Aphis citricola

Aphis citricola

The green citrus Aphid (Aphis citricola van der Goot) is a Rincote omopter insect belonging to the Aphididae family.

Systematic –
From a systematic point of view it belongs to the Eukaryota Domain, Kingdom Animalia, Eumetazoa Suborfer, Superphylum Protostomia, Phylum Arthropoda, Subphylum Hexapoda, Insecta Class, Pterygota Subclass, Exopterygota Cohort, Subcoorte Neoptera, Paraneoptera Superorder, Rhynchotoidea Section, Rhynchota Order, Suborder Homoptera, Section Sternorrhyncha, Superfamily Aphidoidea, Family Aphididae and therefore to the genus Aphis and to the A. Species citricola.

Geographic Distribution and Habitat –
The green citrus Aphid is an insect found in practically all the citrus areas of the world, especially on Mandarin, Clementine and Orange and on shrubby plants such as Crataegus sp. and Spiraea sp. Or on Shrubby Rosaceae.

Morphology –
The adults of the Aphis citricola measure about 1.5-2 mm of length (depending on whether they are winged or winged) with a greenish color; they also have syphons and a brownish codicle.

Attitude and biological cycle –
The Aphis citricola is the species, among the Aphids, more harmful to Citrus, where it particularly affects Mandarin, Clementines and Orange. This aphid, in the citrus areas, generally performs an anolyclo, where it winters as an adult female; subsequently, starting from spring there are several generations (that can even reach up to 40) that take place all on Citrus or on shrubby plants (such as Crataegus sp. and Spiraea sp.). The Afide can also perform a dioecious holoculture that takes place between shrub Rosaceas (as primary guests) on which it winters as a durable egg, and on Citrus or other tree or herbaceous species (as secondary guests). In general, therefore, the Aphis citricola has as primary guests rosaceae shrubs of the genus Spriraea on which lays the durable egg and carries out the first part of the cycle in spring and then migrates on citrus fruits that function as secondary guests. However, in the Italian citrus areas, this is a very rare behavior, for which the green citrus Afide multiplies analcyclically with numerous generations (as mentioned, even 40) and winters with parthenogenetic females on vegetative rickets.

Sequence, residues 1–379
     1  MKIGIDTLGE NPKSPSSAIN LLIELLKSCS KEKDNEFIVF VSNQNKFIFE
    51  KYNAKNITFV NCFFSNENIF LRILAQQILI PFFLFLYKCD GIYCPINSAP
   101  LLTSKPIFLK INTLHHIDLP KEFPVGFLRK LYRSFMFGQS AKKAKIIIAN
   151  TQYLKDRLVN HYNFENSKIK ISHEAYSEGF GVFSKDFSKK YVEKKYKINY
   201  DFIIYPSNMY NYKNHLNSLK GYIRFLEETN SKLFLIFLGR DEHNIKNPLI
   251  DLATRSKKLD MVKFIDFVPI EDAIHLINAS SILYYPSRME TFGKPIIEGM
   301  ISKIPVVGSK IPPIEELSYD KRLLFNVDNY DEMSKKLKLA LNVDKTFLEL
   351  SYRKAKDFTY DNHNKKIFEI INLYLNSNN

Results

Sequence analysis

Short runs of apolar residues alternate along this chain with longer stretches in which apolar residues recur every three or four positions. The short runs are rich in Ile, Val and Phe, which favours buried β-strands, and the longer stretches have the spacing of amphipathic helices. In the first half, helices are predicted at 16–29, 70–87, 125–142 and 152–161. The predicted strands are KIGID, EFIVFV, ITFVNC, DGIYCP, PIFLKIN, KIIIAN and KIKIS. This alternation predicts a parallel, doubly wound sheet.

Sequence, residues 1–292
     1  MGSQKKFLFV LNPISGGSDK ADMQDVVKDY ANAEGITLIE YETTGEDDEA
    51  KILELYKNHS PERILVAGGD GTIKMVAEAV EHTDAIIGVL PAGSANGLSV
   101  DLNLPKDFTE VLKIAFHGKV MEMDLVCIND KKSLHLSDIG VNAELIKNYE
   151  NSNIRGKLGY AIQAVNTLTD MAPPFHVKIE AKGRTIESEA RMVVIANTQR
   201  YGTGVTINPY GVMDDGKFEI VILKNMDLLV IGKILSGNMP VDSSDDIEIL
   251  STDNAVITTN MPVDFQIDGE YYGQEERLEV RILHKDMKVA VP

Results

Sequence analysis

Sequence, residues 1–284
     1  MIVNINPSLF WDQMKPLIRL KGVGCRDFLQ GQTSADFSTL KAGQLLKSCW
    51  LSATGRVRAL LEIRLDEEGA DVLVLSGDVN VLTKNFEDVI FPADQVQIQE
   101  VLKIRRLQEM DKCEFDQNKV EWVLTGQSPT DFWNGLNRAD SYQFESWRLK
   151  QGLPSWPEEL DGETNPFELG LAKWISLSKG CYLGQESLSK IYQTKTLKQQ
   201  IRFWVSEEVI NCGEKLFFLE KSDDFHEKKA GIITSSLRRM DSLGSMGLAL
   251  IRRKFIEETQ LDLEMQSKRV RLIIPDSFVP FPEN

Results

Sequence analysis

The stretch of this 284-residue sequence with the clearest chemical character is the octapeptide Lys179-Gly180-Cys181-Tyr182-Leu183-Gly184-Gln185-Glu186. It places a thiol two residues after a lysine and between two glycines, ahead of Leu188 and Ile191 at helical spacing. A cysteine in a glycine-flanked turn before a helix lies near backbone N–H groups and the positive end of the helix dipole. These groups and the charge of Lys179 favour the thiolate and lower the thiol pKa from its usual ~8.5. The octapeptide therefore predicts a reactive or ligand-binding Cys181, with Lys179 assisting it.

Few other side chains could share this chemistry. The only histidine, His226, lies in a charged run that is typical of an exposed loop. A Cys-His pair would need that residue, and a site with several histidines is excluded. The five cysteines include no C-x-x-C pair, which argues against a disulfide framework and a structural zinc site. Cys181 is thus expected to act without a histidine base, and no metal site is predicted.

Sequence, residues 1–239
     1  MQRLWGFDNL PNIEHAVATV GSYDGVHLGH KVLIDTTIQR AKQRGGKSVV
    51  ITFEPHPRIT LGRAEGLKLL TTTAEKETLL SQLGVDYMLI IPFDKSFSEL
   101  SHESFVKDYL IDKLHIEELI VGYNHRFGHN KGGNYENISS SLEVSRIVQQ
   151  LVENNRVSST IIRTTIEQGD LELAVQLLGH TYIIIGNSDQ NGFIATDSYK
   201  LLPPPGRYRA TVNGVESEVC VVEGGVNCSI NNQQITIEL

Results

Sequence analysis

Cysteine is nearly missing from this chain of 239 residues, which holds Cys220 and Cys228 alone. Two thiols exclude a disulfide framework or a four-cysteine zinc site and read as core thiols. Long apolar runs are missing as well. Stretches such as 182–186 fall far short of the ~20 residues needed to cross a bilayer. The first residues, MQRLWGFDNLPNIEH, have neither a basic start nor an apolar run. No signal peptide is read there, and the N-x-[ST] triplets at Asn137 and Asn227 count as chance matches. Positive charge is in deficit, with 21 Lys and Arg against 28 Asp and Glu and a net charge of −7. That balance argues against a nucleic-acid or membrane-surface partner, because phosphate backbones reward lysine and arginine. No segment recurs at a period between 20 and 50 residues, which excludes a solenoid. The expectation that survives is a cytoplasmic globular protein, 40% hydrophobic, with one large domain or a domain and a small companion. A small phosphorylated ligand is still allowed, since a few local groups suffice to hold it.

Ecological role –
The Aphis citricola establishes various relationships within the citrus fruit or other species of the genus Crataegus sp. and Spiraea sp., of shrub Rosaceae or other tree or herbaceous species. It is therefore a polyphagous insect that however, from the economic point of view creates the biggest problems, as mentioned, on Mandarin, Clementine and Orange. The damage occurs on the buds and on the leaves, even if the Afide can also attack flowers and fruits. On the lower page of the leaves and on the shoots, it causes, with nutrition bites, some showy crumbling which hinder the development of the plant; when it attacks flowers and fruits, it can cause leaking and cascola. To the damage caused by the bites is added the abundant production of honeydew that smears the vegetation and allows the development of the smokes. To this scenario is added the spread of some virosis carried by Aphis citricola. The containment of this aphid passes through the careful application of some agro-ecological rules, often disregarded in citrus farms. Among these the containment of nitric fertilizers, a pruning that allows a greater aeration inside the canopy of the trees, the grassing of the land, and the presence of greater biodiversity of the production site, too often excessively specialized, which does not allow the ‘establishment of suitable biocoenosis between insects and various insects. In nature, the green Afide of citrus fruits is in fact controlled by numerous natural enemies such as the Crysopid Neuroptera, Coleoptera Coleoptera and the Syraphid Diatteri that are not always able to contain populations within the limits of damage, especially for the systemic imbalance caused both by the excessive cultivation specialization and by the indiscriminate use of various insecticides and pesticides which, in the end, benefit this aphid. The fight against Aphis citricola can also be chemical, but must follow the criteria of the guided and integrated struggle. In consideration of the danger for citrus fruits, the treatments are also performed at the appearance of the first infestations if the threshold of intervention is ascertained that for this aphid has been estimated for about 10% of the attached shoots. The products to be used can be specific aficidi and products in the medium-wide spectrum. However, the fight becomes, as mentioned, winning only in the preliminary productive organization of the citrus groves which must be conceived with a criterion of agroecological equilibrium.

Guido Bissanti

Sources
– Wikipedia, the free encyclopedia.- Russo G., 1976. Agricultural Entomology. Special Part. Liguori Editore, Naples.- Tremblay E., 1997. Applied entomology. Liguori Editore, Naples.



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